Plastic-free July: Day 29

Kake mentioned finding it hard to find plastic-free soap packaging apart from Lush soaps, and this surprised me. Of course, I don’t know where I’d find them in Croydon, but it feels to me as though there’s quite a few places worth trying in Oxford (and some of these solutions might apply more generally). This is going to have to be a bit of ‘armchair shopping’ (with no photo!) as I haven’t had time to get out much recently because of work, but let’s see what I can find.

There’s a gifty shop in the Covered Market that does French soaps (i.e. this kind of thing, though I don’t think it’s actually that brand). There’s probably quite a few other gifty shops that do this kind of thing, but I can’t think of any offhand (suggestions welcome in the comments!) but generally I reckon the more gift-like a soap is the more likely it is to be packaged in paper, fabric, etc. On the other hand, it’s more likely to be expensive, too. Indigo on Cowley Road does gifty/Fairtrade stuff, and from their website it looks like they sell One Village soaps (as well as some really fancy stuff wrapped in fabric).

Then there’s Boswell’s department store which does Bomb Cosmetics (quite similar to Lush, and they sound fairly green and ethical even if they don’t shout about it quite as much as Lush do). Their soaps are very pretty, and helped persuade my 3yo to wash her hands, but otherwise I don’t think they’re quite as nice to use (smell or feel) as Lush’s soaps. NB Boswell’s is brilliant and I really should remember to use their pharmacy instead of Boots, so I can support a local store (and go somewhere that actually sells pharmacy stuff without making me fight through a cloud of perfume to get there).

The Fair Trade shops (Fairtrade at St Michael’s in the town centre, Windmill Shop in Headington) stock Dr Bronner’s Magic Soaps (e.g. http://www.drbronner.co.uk/baby-mild-bar-soap-140-g-2/) which are packaged in paper. I do like the Dr Bronner stuff, especially the Baby Mild (which is really gentle and more or less fragrance-free) and the Almond one which smells marvellously of marzipan (though I accept that’s not to everybody’s taste!), but I actually prefer their liquid soap, which comes in — guess what — plastic bottles. On the other hand you can buy it in GIANT bottles, which is at least probably less packaging-per-unit-of-soap than the smaller bottles…?

I’m also pretty sure Holland and Barrett (several branches in Oxford) do some paper-wrapped organic soaps, but I haven’t been in there recently and it’s hard to tell from the website whether packaging really paper/cardboard or plasticky stuff; similarly for Uhuru on the Cowley Road, except that they don’t even seem to have a website where I can check.

Can anybody think of any other places to get soap with plastic-free packaging in Oxford?

Plastic-free July: Day 23

I hadn’t thought of clothes as a plastic danger-zone, but the other day I ordered some pants from eBay for my daughter (we’re running short of pants which fit her, and I knew I wasn’t going to have a chance to get to the shops any time over the next few days). Online shopping does seem to be a bit of a blind spot for me, as the packaging isn’t so obvious! I went for eBay rather than any of the high street shops because a) I could get them cheaper, and b) I could look for specific colours/characters which might not be currently fashionable (rather than being limited to Peppa Pig, Frozen, Spiderman, and Pirates). They all arrived today (I didn’t mean to order two identical sets — they didn’t look the same in the pictures — but hey ho, if she likes them she’ll have two lots) and you can see how plastic-wrapped they are:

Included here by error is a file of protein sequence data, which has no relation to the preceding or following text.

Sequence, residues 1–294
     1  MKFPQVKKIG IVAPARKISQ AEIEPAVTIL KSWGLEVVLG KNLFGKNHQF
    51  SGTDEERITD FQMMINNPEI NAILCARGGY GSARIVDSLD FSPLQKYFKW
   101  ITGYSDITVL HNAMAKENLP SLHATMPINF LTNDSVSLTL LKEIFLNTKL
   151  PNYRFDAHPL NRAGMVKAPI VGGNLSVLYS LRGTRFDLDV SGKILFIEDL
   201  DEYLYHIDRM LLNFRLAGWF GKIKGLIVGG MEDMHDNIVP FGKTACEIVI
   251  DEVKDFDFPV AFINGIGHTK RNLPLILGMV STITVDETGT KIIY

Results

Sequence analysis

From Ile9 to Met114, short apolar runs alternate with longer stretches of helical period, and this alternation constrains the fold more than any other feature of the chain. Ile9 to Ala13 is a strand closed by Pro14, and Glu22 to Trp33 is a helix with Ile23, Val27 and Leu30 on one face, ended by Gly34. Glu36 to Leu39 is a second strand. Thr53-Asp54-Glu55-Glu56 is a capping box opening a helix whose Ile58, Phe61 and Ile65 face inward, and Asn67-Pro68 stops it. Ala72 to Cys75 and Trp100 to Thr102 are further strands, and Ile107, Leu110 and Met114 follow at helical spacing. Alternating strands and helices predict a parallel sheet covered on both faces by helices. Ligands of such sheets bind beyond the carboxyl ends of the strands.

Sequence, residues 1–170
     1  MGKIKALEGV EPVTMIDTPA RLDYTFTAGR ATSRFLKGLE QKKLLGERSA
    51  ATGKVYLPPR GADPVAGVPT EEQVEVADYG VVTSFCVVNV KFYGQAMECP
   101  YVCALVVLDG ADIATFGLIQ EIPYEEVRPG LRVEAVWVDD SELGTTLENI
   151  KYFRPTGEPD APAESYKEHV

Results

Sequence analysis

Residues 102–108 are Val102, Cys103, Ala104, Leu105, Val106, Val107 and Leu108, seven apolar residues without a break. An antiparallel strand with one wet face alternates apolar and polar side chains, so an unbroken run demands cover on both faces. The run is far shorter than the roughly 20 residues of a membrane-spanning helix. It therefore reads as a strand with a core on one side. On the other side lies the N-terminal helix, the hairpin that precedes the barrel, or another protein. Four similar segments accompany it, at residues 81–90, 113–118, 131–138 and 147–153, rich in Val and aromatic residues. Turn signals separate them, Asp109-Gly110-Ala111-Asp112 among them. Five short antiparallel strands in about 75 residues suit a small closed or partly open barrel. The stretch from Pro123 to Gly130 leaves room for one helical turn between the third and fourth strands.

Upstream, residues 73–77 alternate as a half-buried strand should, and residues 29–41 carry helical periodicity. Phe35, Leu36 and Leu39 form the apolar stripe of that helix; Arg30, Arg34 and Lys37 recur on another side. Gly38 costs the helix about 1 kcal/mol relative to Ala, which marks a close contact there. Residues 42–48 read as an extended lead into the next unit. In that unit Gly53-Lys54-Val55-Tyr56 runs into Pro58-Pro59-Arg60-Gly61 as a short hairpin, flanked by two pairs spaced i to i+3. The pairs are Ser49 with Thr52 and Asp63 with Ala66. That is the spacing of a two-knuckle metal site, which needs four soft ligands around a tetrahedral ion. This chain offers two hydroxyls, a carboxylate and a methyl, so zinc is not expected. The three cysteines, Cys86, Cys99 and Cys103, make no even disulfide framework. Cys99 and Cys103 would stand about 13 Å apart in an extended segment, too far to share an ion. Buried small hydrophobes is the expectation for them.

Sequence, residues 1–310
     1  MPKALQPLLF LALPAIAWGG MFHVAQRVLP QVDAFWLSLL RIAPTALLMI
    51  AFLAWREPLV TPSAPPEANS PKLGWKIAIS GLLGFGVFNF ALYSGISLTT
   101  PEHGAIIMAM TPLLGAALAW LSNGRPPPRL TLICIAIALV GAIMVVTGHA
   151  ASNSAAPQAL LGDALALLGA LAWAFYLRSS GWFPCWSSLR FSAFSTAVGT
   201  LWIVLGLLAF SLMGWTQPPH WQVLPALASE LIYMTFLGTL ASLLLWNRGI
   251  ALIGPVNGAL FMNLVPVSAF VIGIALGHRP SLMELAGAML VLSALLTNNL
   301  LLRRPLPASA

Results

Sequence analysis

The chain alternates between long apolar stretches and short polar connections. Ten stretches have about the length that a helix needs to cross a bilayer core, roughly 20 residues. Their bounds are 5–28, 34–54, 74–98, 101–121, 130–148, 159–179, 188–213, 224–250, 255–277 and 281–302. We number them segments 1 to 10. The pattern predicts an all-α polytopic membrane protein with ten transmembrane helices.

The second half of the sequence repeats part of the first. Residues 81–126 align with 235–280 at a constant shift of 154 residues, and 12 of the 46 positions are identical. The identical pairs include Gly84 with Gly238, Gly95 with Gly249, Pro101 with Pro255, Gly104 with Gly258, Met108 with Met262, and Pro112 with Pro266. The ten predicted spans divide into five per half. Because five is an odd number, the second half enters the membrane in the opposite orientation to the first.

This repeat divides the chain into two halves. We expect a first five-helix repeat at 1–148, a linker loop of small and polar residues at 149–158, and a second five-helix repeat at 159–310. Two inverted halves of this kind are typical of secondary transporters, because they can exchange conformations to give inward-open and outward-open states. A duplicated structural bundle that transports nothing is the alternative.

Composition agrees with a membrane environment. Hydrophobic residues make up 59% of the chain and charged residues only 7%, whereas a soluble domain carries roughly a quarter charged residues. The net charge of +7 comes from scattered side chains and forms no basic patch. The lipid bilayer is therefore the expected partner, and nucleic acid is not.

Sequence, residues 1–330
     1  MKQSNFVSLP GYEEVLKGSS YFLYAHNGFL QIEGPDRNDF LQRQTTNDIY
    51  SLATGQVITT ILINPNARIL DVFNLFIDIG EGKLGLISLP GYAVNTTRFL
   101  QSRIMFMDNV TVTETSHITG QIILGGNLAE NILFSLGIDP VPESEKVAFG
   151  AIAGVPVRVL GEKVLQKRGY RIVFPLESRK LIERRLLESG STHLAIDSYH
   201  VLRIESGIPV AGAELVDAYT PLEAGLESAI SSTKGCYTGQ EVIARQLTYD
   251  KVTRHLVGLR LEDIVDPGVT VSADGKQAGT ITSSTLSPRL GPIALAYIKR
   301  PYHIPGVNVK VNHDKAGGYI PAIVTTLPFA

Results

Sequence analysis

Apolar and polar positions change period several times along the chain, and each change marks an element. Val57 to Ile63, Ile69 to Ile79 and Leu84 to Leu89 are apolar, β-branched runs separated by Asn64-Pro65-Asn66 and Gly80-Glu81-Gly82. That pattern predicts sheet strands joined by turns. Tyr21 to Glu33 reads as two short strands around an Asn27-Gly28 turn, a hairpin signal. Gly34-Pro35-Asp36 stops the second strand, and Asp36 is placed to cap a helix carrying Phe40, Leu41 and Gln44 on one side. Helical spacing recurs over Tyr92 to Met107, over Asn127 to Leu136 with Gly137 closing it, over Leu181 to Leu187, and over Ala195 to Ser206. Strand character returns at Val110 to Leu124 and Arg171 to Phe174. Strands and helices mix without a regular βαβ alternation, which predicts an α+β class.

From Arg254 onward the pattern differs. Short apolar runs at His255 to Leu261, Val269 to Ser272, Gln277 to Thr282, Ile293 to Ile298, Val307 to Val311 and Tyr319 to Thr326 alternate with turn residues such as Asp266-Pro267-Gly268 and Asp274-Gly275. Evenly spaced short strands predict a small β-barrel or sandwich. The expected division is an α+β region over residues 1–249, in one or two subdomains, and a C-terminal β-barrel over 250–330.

One set is bizarrely wrapped in clingfilm over cardboard, presumably some kind of home-made packaging; the other is in standard shop packaging for pants (plastic bag with tiny hanger attached); both were posted in plastic postbags (and sadly not the biodegradable ones mentioned in my previous post).

While the plastic packaging for postage was an unnecessary extra, I’m not sure how I’d buy new pants for my daughter in shops without any plastic packaging. (Pants for grown-ups are sometimes sold singly on hangers, but those are the sort I can’t afford to buy! Also, I’m guessing the hangers are single-use…) Second-hand toddler pants are hard to come by, for obvious reasons, though Freegle would probably be worth a try. Does anybody know of anywhere that sells pants in toddler sizes without plastic packaging? Bonus points if they’re Disney-free as well!

Plastic-free July: Day 19

I don’t have to come up with a pun for today’s title because the nice folks at Onya have done it for me. :-) I learned about Onya Weigh bags from a post by Kake about doing plastic-free July in Croydon (do read the rest of her posts — she writes really well and interestingly, and she is doing PFJ much more consistently than I am!) and I thought they were such a good idea I went ahead and ordered some. I’ve since discovered that I could have bought them from Indigo on the Cowley Road: this is frustrating in one way (I did look on their suppliers list, but their search UI is slightly confusing in a couple of ways[*] so I missed it) but great news in another way, as it means others in Oxford can buy Onya bags without having to order online.